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Big defeat for taxpayers seeking car tab relief in wake of ST3

Sound Transit. (Sound Transit photo)

A Pierce County Superior Court judge has delivered a major blow to a group of taxpayers behind a class action lawsuit against Sound Transit over the high car tab fees that came with ST3 – the $54-billion light rail expansion narrowly approved by voters in 2016.

The lawsuit was filed earlier this year on behalf of seven taxpayers in King, Snohomish, and Pierce Counties.

The lawsuit contends the exorbitant fees are because Sound Transit is using — until it pays of bonds in 2029 — a now-repealed vehicle valuation schedule from the 90s that inflates a vehicle’s value, rather than the current 2006 valuation schedule that is more accurate.

While the bill [ESSB 5987] the Legislature passed in 2015 to give Sound Transit the authority to send ST3 to voters does indicate it will use the repealed valuation schedule, it does not include the full text. Joel Ard, the attorney behind the class action lawsuit, says that violates the state constitution, which requires the full text when amending a law.

“We think that’s an amendment of the valuation schedule because the valuation schedule says, hey use me, that’s what it says,” Ard said. “It says it applies to motor vehicle excise taxes and the Legislature essentially gave Sound Transit a pass on that, to say well, we’ll use something different for the time being and we’ll come back to that valuation schedule later. But they didn’t spell that out in the sense of reciting the existing valuation schedule and showing how they were changing it, or how they were making it inapplicable, or when it would newly become applicable.”

On Friday, Ard asked Pierce County Judge Kathryn Nelson to look at whether the Legislature violated the constitution by not including the full text.

But after an hour of very technical arguments by Ard, and attorneys for Sound Transit and the State Attorney General’s Office, which argued in support of Sound Transit, Nelson quickly ruled, but not before admitting she may be out of her depth.

“There are many aspects about this case that I think are way above my pay grade, and I have a feeling that there will be opportunities for those people with that pay grade to double check my work,” Nelson said, eluding to the likely appeal to a higher court.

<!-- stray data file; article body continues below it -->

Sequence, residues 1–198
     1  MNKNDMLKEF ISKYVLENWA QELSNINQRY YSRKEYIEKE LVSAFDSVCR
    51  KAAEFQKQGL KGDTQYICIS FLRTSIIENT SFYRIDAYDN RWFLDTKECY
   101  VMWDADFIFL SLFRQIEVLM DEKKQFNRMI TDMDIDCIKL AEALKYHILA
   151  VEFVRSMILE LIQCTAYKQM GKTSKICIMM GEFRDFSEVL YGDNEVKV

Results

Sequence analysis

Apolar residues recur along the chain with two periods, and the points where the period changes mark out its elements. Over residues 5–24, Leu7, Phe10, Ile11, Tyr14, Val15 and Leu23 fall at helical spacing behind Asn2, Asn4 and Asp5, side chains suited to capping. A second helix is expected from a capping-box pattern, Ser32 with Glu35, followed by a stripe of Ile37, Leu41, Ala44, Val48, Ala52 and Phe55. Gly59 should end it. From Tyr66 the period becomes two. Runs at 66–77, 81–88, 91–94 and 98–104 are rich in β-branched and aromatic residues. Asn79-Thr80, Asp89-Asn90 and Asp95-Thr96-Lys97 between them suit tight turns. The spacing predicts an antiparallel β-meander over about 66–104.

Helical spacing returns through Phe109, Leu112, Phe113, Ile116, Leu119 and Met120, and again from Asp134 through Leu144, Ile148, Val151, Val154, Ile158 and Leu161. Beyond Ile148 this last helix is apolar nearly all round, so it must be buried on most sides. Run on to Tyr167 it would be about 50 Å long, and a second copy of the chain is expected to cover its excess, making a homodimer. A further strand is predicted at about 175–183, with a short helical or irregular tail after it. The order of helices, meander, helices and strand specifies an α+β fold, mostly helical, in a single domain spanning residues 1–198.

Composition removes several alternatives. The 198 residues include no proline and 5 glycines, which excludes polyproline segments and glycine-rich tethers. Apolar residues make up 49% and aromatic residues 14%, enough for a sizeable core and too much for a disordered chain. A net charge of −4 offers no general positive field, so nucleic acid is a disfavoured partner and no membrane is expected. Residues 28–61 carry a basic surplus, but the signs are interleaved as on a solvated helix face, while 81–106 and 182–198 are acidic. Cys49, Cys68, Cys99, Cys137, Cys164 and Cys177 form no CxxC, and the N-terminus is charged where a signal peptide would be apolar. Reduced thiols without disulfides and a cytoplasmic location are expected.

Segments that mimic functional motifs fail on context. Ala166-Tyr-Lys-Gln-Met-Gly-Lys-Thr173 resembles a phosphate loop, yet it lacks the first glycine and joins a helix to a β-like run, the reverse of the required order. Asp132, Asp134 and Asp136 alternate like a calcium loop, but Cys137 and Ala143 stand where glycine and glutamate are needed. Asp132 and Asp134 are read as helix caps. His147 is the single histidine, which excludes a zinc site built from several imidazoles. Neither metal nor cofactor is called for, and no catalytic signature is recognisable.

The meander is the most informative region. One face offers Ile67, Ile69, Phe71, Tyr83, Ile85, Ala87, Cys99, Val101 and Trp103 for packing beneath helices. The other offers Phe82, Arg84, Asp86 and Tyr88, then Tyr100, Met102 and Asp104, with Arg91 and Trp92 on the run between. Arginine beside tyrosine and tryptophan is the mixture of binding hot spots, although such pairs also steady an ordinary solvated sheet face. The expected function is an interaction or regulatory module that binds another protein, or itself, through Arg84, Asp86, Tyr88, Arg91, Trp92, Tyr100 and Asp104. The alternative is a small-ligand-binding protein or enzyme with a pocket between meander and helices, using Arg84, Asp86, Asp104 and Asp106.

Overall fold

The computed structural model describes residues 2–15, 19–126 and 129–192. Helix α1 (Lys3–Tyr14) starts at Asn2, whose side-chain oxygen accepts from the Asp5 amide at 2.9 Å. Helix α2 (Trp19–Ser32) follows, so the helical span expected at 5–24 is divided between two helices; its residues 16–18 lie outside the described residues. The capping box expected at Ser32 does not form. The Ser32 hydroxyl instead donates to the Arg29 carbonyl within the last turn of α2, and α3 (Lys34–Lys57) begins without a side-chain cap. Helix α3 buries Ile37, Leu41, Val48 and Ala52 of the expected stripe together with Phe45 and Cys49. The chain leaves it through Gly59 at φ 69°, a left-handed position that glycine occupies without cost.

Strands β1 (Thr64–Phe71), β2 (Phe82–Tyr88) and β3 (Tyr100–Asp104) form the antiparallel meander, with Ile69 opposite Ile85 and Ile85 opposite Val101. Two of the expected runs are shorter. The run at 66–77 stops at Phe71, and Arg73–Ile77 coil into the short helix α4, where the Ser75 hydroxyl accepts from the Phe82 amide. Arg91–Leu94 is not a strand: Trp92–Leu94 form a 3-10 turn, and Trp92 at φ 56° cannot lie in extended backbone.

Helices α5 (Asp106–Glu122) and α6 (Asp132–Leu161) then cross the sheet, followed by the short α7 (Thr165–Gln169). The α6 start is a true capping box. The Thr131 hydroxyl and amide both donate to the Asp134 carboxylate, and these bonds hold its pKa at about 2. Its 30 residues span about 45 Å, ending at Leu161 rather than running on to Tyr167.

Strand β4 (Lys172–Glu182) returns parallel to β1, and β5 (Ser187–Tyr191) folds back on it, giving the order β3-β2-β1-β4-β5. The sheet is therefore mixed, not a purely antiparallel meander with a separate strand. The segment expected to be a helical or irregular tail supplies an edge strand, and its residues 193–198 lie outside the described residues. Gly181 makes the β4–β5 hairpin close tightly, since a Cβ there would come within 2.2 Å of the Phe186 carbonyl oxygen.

She then quickly ruled in favor of Sound Transit that the authorizing bill was constitutional and tossed the lawsuit, clearing the way for Sound Transit to continue collecting car tabs at the higher rate.

Republican State Senator Steve O’Ban, who has continually said Sound Transit misled the Legislature and the voters over car tab calculations and filed an amicus brief supporting the lawsuit, was disappointed in Nelson’s ruling.

“We’re disappointed with the outcome, but this is why we have appellate courts, the courts above are, I think, much more experienced with dealing with issues like this,” O’Ban said.

He was shocked by the speed in which Nelson ruled.

“I really expected her to take it under advisement … consider the oral argument,” O’Ban said, “I was a little bit surprised that she ruled from the bench today … that suggests she didn’t really consider that oral argument.”

O’Ban says he expects this to be appealed all the way to the state Supreme Court, but admits that could be a long process, so he intends to again introduce legislation in the upcoming session to get voters car tab relief.

As for Sound Transit, Spokesman Geoff Patrick said this ruling was a big win for commuters.

“The lawsuit that was heard today was without merit and it was great to hear the judge promptly reject it,” Patrick said.

“What this means is that voter approved mass transit projects across the region, including light rail extensions, commuter rail, new bus rapid transit services, can continue to move forward and provide relief from crippling congestion,” he added.

Ard had earlier said he expected this case to ultimately play out in the state Supreme Court.  After Friday’s ruling he said he was conferring with his clients, but would most likely appeal the ruling. He expects to make a decision early next week.

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